Q&A: Why Do Lutherans Go To Church on Sunday?

This question came in regarding why Lutherans go to church on Sundays.  Since this question can be asked in two different ways, two different answers were provided.

Question:  

Why do Lutherans go to church on Sunday?

Answer 1 – Why On Sunday:

Because Sunday is the day of the Resurrection.  Sunday is the day that the stone was rolled away from the tomb to reveal that Jesus had risen.  Sunday was the day that Jesus showed himself alive.  Thus, with the historic church, we celebrate the Sabbath on Sundays.

Answer 2 – Why Go To Church:

Who is the audience in Christian Worship? Is God the audience in worship or are we the audience in worship?

Who does the speaking in Christian Worship? Do we speak to God in worship or does God speak to us?

“It has often been taught that we speak to God in worship; that we summon his presence and offer Him praise. This view sees God as the audience of our worship. However, this is a pagan concept of worship. In pagan worship, the worshiper comes before his or her god to bring offerings and to present requests in order to please the particular god and get the god to respond to the worshiper in the way the worshiper desires (Lev. 10:1-3; Jer. 32:35; Ps. 78:56-59)

Christian worship is the exact opposite. God is the speaker. We are the audience. He has called and invited us before Him; He has called and invited us before Him together so that He can talk with us. In both the Old and New Testament worship God’s Word, that speaks to us, is central to the gathering. (Ex. 29:42; Neh. 9:1-4; Acts 2:14-47)

God speaks and we listen and respond. Through His Word, the Bible, God shows His character and His works. He speaks to us about our sin and about the way of salvation through His Son, Jesus Christ. We respond to Him through a variety of ways. These include: showing remorse for sin (Isaiah 30:15); confessing (Psalm 32:5); trusting (Psalm 13:5); praying (1 Thess. 5:16-18); offering ourselves (Romans 12:1); praising (Psalm 145) and thanking (Psalm 106:1)”[1]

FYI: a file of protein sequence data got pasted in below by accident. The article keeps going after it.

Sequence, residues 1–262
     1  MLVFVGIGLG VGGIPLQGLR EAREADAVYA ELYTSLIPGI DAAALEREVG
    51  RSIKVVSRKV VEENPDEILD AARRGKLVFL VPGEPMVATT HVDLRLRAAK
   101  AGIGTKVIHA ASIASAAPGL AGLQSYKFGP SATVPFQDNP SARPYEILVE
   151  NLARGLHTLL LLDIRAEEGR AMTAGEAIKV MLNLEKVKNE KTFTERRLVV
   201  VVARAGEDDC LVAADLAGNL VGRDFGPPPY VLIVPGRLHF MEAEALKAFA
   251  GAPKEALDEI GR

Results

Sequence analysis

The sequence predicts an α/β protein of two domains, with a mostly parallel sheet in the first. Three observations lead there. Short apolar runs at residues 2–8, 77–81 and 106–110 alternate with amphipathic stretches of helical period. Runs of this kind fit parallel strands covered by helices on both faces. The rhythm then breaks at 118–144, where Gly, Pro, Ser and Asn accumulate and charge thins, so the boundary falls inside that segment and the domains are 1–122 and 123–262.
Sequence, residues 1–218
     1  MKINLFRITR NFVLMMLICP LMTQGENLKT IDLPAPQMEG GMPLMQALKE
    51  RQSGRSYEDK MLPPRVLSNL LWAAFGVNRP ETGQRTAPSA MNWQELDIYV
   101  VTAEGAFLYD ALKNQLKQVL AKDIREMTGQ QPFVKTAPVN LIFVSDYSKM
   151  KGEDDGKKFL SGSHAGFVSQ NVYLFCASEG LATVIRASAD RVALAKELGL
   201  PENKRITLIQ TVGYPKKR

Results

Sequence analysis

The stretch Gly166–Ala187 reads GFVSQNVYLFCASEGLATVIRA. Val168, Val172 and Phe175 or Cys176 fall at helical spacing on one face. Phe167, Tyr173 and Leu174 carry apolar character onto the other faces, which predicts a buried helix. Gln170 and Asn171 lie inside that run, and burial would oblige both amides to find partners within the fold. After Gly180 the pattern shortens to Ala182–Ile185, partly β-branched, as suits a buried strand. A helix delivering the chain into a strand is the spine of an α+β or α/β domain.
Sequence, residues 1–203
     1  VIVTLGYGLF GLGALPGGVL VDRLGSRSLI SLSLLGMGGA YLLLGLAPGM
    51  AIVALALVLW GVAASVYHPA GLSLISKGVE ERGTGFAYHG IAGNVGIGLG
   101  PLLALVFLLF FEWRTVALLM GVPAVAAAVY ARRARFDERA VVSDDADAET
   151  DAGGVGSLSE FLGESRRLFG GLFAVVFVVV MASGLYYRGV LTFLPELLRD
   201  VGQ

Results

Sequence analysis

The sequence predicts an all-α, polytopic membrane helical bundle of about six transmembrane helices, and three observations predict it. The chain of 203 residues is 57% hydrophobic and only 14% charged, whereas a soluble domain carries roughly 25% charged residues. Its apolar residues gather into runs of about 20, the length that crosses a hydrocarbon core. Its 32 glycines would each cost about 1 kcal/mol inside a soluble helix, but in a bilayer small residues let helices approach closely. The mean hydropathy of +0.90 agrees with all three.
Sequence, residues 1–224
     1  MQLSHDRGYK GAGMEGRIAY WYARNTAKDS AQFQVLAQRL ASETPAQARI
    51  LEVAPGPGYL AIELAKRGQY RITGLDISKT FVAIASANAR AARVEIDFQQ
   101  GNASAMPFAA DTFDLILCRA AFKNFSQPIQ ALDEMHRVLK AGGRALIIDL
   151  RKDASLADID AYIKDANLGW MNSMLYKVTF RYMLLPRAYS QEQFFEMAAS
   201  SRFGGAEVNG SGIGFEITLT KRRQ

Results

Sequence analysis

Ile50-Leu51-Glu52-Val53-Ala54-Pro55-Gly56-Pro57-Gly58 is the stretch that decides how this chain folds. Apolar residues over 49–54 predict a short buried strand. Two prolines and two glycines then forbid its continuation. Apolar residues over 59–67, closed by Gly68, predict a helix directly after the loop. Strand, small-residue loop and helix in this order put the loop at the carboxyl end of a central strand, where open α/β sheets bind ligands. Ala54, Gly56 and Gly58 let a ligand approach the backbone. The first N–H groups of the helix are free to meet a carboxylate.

Just think about it! If God is the speaker in worship and we are the audience that means that God is the active one on Sunday Mornings. The worship service depends on God doing the verbs, God descending to us, God being present in the worship service and God reaching out to us with His grace and mercy through His Word and Sacraments  (i.e. means of grace).

Because God is the speaker in Sunday morning worship, we go to Sunday services not to ‘give’ our best but to ‘receive’ God’s best.  We get to go to worship in order that we might confess our sins and hear from God in the proclamation of the Word (e.g. Law and Gospel).  We go to worship to receive the accomplished forgiveness of sins delivered to us in the Word and Sacraments.

Worship (i.e. divine service) is a tremendous gift to us!

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[1] Bethel Lutheran Church Word and Worship Committee, (Fergus Falls, MN, May 9 of 2006)

 

About Pastor Matt Richard

Rev. Dr. Matthew Richard is the pastor at Zion Lutheran Church of Gwinner, ND. He was previously a Senior Pastor in Sidney, Montana, an Associate Pastor of Spiritual Care and Youth Ministries in Williston, North Dakota, and an Associate Pastor of Children and Youth in Rancho Cucamonga, California. He received his undergraduate degree from Minot State University, ND and his M.Div. from Lutheran Brethren Seminary, MN. His doctor of ministry thesis, from Concordia Seminary, St. Louis, MO, was on exploring the journey of American Evangelicals into Confessional Lutheran thought. Pastor Richard is married to Serenity and they have two children. He enjoys fishing, pheasant hunting, watching movies, blogging, golfing, spending time with his family and a good book with a warm latte! To check out more articles by Pastor Matt you can visit his personal blog at: www.pastormattrichard.com.